The factory owner Assystem UK Ltd, part of a French engineering group, was yesterday fined £160,000 plus £52,500 costs for safety failings.
Liam O’Neill had been trying to replace a control cable when the incident happened on 12 March 2011. The 51-year-old, from Didsbury, Greater Manchester, died in hospital seven days later.
An investigation by the Health & Safety Executive (HSE) found that Mr O’Neill had been able to work on a platform in the path of the overhead crane without the power to the crane first being switched off.
Preston Crown Court heard that the platform, which was around four metres above the ground, had been installed for a specific project in September 2000. End-stops had previously been fitted to the rails used by the overhead crane that stopped the crane reaching the platform, but these had later been removed.
The platform had remained at the factory but there was no barrier at the bottom of the access ladder to prevent workers climbing up it while the crane was in use.
On the day of the incident, Mr O’Neill had been trying to replace a cable hanging from the crane to a handheld control, after it had developed an intermittent fault.
The crane had been moved over the platform so that Mr O’Neill could reach the top of the cable where it connects to a junction box on the crane. As he climbed onto the platform, the crane moved and he was crushed between the guard rails around the top of the ladder and the crane itself.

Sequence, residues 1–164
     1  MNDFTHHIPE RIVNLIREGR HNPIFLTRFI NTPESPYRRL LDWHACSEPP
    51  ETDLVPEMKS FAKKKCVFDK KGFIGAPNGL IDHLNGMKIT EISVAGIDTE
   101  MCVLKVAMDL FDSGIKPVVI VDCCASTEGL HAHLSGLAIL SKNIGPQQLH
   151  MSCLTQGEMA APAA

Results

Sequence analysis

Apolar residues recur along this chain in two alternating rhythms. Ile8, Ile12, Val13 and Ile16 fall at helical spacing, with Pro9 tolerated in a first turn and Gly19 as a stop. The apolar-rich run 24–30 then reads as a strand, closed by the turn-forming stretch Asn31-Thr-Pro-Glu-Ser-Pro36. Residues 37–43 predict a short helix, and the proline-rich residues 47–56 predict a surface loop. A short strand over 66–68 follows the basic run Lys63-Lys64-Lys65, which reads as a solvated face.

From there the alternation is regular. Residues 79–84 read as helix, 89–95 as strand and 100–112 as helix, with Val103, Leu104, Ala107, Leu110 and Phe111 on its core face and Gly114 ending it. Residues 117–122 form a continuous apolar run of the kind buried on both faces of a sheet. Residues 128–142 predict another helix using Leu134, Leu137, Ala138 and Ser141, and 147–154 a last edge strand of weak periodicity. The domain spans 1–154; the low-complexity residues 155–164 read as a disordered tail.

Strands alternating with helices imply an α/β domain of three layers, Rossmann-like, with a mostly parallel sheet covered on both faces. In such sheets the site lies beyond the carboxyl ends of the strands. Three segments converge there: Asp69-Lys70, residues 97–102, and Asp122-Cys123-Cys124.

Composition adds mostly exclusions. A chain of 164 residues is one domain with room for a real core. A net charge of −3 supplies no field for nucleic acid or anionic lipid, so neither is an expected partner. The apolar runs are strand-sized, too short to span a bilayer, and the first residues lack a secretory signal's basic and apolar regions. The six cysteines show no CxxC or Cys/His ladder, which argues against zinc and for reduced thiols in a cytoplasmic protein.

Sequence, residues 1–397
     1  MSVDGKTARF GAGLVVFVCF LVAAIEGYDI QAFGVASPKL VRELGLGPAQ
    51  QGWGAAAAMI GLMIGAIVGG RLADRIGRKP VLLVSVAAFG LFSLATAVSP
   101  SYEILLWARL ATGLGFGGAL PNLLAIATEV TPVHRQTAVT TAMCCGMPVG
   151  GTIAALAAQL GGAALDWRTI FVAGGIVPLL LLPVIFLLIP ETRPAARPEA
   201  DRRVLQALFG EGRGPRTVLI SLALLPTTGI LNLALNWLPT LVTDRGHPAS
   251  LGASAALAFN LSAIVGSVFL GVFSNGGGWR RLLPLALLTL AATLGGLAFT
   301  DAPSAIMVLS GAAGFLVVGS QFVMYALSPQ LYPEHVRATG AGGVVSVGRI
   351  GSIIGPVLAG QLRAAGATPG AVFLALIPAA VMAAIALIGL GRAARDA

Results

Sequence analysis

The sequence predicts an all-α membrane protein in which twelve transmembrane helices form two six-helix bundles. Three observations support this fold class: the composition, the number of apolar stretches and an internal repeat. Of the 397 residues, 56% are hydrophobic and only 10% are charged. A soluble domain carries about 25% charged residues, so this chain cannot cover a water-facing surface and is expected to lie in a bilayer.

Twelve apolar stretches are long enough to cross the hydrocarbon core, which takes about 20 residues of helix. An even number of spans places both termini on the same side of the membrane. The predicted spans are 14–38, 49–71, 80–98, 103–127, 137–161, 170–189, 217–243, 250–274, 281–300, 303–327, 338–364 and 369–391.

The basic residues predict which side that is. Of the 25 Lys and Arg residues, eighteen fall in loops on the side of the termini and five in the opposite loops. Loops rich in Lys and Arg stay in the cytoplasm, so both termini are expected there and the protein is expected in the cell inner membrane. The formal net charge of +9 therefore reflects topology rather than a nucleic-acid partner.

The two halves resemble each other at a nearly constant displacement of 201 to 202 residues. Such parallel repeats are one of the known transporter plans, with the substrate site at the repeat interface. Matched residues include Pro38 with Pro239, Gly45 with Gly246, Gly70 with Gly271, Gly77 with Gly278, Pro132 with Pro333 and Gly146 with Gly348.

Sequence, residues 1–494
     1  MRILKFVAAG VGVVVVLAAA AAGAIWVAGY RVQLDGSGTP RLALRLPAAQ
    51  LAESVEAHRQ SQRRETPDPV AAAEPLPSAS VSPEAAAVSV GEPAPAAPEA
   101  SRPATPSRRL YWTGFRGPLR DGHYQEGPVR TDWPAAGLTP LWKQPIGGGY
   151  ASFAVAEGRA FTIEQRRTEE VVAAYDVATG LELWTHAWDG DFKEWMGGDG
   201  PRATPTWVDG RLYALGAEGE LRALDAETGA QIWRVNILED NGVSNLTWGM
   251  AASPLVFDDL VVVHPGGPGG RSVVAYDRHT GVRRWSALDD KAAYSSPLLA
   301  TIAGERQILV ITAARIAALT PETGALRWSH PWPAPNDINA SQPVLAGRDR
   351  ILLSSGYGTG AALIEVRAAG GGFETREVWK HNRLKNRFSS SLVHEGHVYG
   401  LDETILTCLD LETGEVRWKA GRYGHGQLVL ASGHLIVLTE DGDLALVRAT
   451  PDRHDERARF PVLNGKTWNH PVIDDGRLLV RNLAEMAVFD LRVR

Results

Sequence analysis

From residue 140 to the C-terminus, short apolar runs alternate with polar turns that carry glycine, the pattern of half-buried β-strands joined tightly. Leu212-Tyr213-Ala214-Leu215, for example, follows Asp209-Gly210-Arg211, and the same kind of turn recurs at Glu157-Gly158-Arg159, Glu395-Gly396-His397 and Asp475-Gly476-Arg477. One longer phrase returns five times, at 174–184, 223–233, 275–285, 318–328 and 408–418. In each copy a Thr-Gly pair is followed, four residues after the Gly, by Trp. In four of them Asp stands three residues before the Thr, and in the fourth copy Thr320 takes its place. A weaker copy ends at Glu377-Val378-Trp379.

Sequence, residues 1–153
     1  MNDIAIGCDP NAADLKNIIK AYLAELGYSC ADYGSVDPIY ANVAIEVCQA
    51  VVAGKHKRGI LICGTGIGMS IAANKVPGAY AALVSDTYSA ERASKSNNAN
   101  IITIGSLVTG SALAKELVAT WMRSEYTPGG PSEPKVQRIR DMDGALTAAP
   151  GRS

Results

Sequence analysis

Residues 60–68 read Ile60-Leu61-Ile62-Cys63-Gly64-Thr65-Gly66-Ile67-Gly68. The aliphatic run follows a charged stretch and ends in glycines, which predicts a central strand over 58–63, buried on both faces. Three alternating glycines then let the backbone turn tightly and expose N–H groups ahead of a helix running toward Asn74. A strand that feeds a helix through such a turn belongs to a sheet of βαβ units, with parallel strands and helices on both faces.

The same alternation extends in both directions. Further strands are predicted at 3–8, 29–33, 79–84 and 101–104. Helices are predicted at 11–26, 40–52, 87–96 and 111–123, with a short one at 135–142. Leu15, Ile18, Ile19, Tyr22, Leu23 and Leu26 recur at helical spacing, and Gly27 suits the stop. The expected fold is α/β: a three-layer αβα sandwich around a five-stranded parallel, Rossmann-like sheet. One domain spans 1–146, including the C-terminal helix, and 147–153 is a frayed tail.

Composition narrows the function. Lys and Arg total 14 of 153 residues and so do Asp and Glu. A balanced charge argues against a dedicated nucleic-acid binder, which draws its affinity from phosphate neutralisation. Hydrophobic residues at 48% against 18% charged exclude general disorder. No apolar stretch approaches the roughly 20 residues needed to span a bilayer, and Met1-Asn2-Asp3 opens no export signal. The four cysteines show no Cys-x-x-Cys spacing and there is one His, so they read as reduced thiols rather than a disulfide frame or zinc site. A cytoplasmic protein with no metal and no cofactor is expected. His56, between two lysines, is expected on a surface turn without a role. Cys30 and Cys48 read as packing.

The HSE investigation found the crane cleared the top of the guard rails around the ladder and platform by just 85mm. Despite this, the company had not identified the risk of workers being crushed by the crane if they used the platform so no action had been taken to stop this from happening.
Assystem UK Ltd, of Club Street in Bamber Bridge, was fined £160,000 and ordered to pay £52,500 in prosecution costs after pleading guilty to a breach of the Health and Safety at Work etc Act 1974.
Speaking after the hearing, HSE inspector Stuart Kitchingman said: “Liam tragically lost his life because his employer didn’t think about the potential consequences of having a working platform in the path of an overhead crane. Assystem should never have allowed the end-stops to be removed from the crane’s rails when it was still possible for workers to climb up the ladder onto the platform.
“It would have been simple to put a system in place to make sure power to the crane was switched off before anyone climbed onto the platform, or to put up a barrier to prevent access to the platform.”